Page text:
Man’s best friend or a neighbour’s worst nightmare?
The answer can depend if there is a dog in the vicinity who barks incessantly.
Port Stephens Council has opened its proposed revised Dog Noise Policy for public consultation.
In changing the Legislative Act that dog noise is categorised, the draft policy recommends that only one barking dog diary is required, rather than the current three which has proved to be onerous for residents claiming to be impacted by the noise.
The one diary requirement will, from the Council’s perspective, enable Rangers to act more quickly and decisively about issues.
If your dog is a barker, there are strategies you can take as a responsible owner, to discourage your hound from barking and disturbing the peace for surrounding residents.
The RSPCA has a list of recommendations to assist owners to curb their dog’s barking.
Consulting with your local Vet is a good starting place, as they are likely to know you and your dog.
The RSPCA suggests that training should be based on a reward, rather than punishment, system.
Using this method, dogs are rewarded for good behaviour and unwanted behaviour is largely ignored.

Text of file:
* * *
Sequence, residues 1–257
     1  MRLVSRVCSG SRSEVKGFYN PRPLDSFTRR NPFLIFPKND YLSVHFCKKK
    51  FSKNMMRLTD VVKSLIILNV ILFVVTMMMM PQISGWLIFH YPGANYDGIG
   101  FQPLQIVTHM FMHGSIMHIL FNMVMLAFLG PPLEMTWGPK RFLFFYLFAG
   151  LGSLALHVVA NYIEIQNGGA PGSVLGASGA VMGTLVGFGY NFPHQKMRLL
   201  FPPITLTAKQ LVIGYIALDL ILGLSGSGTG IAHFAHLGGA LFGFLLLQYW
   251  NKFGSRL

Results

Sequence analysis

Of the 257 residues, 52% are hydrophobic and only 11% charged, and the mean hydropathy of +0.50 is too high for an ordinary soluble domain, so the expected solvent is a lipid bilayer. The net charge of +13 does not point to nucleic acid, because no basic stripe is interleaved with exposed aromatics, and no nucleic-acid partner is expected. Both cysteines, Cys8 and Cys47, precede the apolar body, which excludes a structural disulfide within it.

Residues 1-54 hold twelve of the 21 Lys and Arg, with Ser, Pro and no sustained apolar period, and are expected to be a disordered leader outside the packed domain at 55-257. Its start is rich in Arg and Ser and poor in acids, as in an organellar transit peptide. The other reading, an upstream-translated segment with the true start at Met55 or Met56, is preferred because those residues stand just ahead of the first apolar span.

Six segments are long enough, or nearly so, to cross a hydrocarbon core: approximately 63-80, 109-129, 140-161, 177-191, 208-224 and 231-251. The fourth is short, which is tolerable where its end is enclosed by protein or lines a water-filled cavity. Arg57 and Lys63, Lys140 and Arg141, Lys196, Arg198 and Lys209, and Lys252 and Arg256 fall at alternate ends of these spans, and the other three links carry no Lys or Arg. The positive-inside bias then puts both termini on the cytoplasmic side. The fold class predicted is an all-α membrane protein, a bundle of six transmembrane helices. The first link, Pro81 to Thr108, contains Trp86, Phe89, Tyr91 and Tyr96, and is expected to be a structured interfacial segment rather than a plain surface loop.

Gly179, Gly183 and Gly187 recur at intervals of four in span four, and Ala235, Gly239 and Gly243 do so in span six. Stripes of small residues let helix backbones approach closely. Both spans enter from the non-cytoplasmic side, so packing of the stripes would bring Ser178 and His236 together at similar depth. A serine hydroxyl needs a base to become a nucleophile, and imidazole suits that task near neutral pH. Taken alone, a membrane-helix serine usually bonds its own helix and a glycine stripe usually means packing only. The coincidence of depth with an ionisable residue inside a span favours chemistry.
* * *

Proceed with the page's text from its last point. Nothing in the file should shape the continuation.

Long term resident, Barb Winkleman, has had enough of her neighbour’s bad behaviour, telling Medowie News Of The Area, “We have two small dogs inside that will bark if tormented and our neighbour purposely bangs the lid against the tin fence to torment our dogs.”
“I informed Council that I will not pay any noise complaint fine because our dogs are tormented.”
With the consultation time closing in just over two weeks, Medowie and Williamtown residents are urged to have their say on the proposed policy.
Of course, the fact remains, that a policy is only as good as its enforcement.
Local residents impacted by incessantly barking dogs will have to see whether or not Rangers can, or will, enforce the policy through issuing a noise abatement order as written in the draft policy.
Written submissions to Council close Thursday, 15 December 2016 at 5pm.
By Heather SHARP